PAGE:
## A real-time algorithm for mobile robot mapping with applications to multi-robot and 3D mapping (2000)

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Venue: | In IEEE International Conference on Robotics and Automation |

Citations: | 256 - 37 self |

### BibTeX

@INPROCEEDINGS{Thrun00areal-time,

author = {Sebastian Thrun and Wolfram Burgard and Dieter Fox},

title = {A real-time algorithm for mobile robot mapping with applications to multi-robot and 3D mapping},

booktitle = {In IEEE International Conference on Robotics and Automation},

year = {2000}

}

### Years of Citing Articles

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### Abstract

We present an incremental method for concurrent mapping and localization for mobile robots equipped with 2D laser range finders. The approach uses a fast implementation of scan-matching for mapping, paired with a sample-based probabilistic method for localization. Compact 3D maps are generated using a multi-resolution approach adopted from the computer graphics literature, fed by data from a dual laser system. Our approach builds 3D maps of large, cyclic environments in real-time. It is remarkably robust. Experimental results illustrate that accurate maps of large, cyclic environments can be generated even in the absence of any odometric data. 1

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Citation Context ...t−1,st−1,mt−1) importance sampler [14] and, in the context of temporal posterior estimation is known as particle filters [12]. It has, with great success, been applied for tracking in computer vision =-=[7]-=- and mobile robot localization [2, 3]. As argued in the statistical literature, this representation can approximate almost arbitrary posteriors at a convergence rate of 1 √ N [17]. It is convenient fo... |

945 | P.: Surface simplification using quadric error metrics
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Citation Context ...part from the expected measurement under the robot motion (and assuming the robot faces a straight wall), this measurement does not become part of a polygone. We also apply a simplification algorithm =-=[4, 5]-=-, previously developed to simplify polygonal models for real-time rendering in computer graphics. 1 In a nutshell, this approach iteratively simplifies multi-polygon surface models by fusing polygons ... |

514 | Filtering via simulation: Auxiliary particle filters
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Citation Context ...,dt−1,at−1,mt−1) P(st | dt−1,at−1,mt−1) = ηP(ot | st,mt−1) (10) � P(st | dt−1,at−1,st−1,mt−1) importance sampler [14] and, in the context of temporal posterior estimation is known as particle filters =-=[12]-=-. It has, with great success, been applied for tracking in computer vision [7] and mobile robot localization [2, 3]. As argued in the statistical literature, this representation can approximate almost... |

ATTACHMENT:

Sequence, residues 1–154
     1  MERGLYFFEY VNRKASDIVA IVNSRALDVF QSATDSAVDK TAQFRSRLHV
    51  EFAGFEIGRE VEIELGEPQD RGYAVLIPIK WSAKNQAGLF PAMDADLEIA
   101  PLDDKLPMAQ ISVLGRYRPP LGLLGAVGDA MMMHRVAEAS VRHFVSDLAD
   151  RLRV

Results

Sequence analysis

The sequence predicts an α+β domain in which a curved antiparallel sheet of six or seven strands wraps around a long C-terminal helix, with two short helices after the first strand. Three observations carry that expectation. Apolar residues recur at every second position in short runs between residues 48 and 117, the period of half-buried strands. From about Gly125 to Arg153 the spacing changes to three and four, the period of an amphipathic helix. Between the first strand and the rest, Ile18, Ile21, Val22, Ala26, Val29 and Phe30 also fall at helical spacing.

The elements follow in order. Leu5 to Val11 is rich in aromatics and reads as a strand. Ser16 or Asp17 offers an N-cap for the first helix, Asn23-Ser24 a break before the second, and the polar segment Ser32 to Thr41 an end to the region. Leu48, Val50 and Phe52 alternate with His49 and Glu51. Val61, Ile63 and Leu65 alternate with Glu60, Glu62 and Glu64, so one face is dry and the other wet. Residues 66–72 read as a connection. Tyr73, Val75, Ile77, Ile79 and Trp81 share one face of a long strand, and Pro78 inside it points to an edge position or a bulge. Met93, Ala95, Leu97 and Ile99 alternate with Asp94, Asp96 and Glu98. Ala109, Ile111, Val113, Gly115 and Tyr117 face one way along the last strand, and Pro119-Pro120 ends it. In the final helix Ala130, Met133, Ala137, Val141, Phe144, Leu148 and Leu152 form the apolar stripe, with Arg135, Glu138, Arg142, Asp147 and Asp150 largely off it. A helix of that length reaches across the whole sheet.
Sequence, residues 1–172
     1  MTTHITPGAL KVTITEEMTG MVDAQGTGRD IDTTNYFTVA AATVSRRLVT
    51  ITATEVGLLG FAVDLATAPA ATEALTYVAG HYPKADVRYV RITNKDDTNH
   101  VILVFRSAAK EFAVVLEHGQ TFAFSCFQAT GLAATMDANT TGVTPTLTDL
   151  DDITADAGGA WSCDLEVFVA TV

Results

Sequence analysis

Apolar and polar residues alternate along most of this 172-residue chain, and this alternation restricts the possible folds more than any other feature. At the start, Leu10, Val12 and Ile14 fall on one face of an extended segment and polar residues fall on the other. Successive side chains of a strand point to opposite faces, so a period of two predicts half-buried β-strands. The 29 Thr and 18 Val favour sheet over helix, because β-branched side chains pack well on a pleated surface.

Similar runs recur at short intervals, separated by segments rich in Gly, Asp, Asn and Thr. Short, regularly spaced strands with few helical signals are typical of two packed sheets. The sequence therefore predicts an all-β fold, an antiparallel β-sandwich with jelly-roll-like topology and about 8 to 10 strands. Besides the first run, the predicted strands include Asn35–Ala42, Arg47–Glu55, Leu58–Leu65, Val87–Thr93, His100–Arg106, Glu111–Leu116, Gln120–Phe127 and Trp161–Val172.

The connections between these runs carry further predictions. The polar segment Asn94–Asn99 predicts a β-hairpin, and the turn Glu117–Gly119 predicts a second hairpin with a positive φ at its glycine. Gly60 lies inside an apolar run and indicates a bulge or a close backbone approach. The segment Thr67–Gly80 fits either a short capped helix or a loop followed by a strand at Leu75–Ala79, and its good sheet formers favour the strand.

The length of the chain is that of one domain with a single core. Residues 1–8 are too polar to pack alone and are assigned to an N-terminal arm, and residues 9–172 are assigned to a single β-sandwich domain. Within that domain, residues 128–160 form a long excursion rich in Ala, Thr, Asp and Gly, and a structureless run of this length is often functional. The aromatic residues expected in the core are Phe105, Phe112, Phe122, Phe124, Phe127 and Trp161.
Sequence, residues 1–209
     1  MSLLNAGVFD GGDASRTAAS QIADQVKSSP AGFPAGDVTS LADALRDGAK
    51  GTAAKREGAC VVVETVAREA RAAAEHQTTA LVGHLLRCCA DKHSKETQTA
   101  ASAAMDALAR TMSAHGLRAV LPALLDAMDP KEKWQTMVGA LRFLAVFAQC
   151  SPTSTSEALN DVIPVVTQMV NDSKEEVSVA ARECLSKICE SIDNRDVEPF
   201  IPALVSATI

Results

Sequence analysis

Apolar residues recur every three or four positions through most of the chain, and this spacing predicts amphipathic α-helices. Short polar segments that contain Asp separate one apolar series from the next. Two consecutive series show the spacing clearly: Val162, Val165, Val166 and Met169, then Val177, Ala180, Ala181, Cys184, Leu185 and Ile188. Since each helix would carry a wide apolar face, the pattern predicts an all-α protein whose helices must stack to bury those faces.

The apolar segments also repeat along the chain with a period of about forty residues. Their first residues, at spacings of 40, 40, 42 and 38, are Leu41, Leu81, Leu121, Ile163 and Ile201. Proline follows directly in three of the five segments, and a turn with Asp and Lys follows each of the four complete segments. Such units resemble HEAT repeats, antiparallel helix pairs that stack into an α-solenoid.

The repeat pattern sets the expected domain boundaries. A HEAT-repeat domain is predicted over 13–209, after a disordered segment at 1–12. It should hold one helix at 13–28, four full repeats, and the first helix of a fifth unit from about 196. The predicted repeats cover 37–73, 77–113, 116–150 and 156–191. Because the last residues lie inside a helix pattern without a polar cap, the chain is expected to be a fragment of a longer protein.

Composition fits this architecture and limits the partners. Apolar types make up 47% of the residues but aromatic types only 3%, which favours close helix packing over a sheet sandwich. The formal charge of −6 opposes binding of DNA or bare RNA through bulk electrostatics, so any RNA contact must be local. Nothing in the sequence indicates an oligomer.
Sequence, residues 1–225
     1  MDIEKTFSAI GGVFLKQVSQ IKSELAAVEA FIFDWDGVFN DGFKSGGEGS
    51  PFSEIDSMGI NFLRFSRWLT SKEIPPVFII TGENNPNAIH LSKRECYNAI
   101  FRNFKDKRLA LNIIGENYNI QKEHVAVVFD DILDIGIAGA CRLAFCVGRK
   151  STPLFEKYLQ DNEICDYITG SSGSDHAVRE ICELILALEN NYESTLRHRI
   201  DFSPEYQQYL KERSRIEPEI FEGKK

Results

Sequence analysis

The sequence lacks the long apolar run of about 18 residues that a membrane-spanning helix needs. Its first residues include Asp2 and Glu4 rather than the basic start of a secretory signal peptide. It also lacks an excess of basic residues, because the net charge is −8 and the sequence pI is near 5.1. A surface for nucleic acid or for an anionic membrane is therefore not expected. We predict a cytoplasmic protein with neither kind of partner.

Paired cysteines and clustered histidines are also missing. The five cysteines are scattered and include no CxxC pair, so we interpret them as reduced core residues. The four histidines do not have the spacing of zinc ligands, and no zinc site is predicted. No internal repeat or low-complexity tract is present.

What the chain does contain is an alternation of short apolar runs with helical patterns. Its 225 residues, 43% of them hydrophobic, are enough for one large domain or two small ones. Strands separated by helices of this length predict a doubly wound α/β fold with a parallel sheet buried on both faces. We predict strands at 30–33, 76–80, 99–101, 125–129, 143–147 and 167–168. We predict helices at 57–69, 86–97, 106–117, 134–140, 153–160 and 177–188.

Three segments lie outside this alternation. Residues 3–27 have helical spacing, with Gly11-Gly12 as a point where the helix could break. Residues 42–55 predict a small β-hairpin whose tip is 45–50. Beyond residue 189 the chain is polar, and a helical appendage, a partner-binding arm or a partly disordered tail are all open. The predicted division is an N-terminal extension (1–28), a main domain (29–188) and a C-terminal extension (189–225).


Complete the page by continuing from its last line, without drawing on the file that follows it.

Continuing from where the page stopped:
406 |
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Citation Context ...lem, to indicate its chicken-and-egg nature: Building maps when a robot’s locations are known is relatively straightforward, as early work by Moravec and Elfes has demonstrated more than a decade ago =-=[10]-=-. Conversely, localizing a robot when a map is readily available is also relatively well-understood, as a flurry of algorithms has successfully demonstrated [1]. In combination, however, the problem i... |

403 | A probabilistic approach to concurrent mapping and localization for mobile robots
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- 1998
(Show Context)
Citation Context ...and when closing the cycle error has to be corrected backwards in time (which most existing methods are incapable of doing). A recent family of probabilistic methods based on EM overcome this problem =-=[15, 18]-=-. EM searches the most likely map by simultaneously considering the locations of all past scans, using a probabilistic argument for iterative refinement during map construction. While these approaches... |

277 | Monte Carlo Localization: Efficient position estimation for mobile robots
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Citation Context ... to the EM family of mapping algorithms [15, 18]. 2.3 Incremental Mapping Using Posteriors Following the literature on probabilistic mapping with EM [15, 18] and the literature on Markov localization =-=[16, 3]-=-, our approach computes the full posterior over robot poses, instead of the maximum likelihood pose only (as given in (6)). The posterior is a probability distributionover poses conditioned on past se... |

253 | Probabilistic robot navigation in partially observable environments
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Citation Context ... to the EM family of mapping algorithms [15, 18]. 2.3 Incremental Mapping Using Posteriors Following the literature on probabilistic mapping with EM [15, 18] and the literature on Markov localization =-=[16, 3]-=-, our approach computes the full posterior over robot poses, instead of the maximum likelihood pose only (as given in (6)). The posterior is a probability distributionover poses conditioned on past se... |

230 | Robot pose estimation in unknown environments by matching 2D range scans
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Citation Context ...in the complete absence of odometry data, and it also extends to the generation of 3D with laser range finders. 2.1 Likelihood Function Let m be a map. Following the literature on laser scan matching =-=[6, 9]-=-, we assume that a map is a collection of scans and their poses; the term pose refers to the x-y location relative to some hypothetical coordinate system and a scan’s orientation θ. At time t, the map... |

181 |
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Citation Context ...rd. Recent progress has led to a range of new methods. Most of these approaches build maps incrementally, by iterating localization and incremental mapping for each new sensor scan the robot receives =-=[8, 13, 19, 20]-=-. While these methods are fast and can well be applied in real-time, they typically fail when mapping large cyclic environments. This is because in environments with cycles, the robot’s cumulative err... |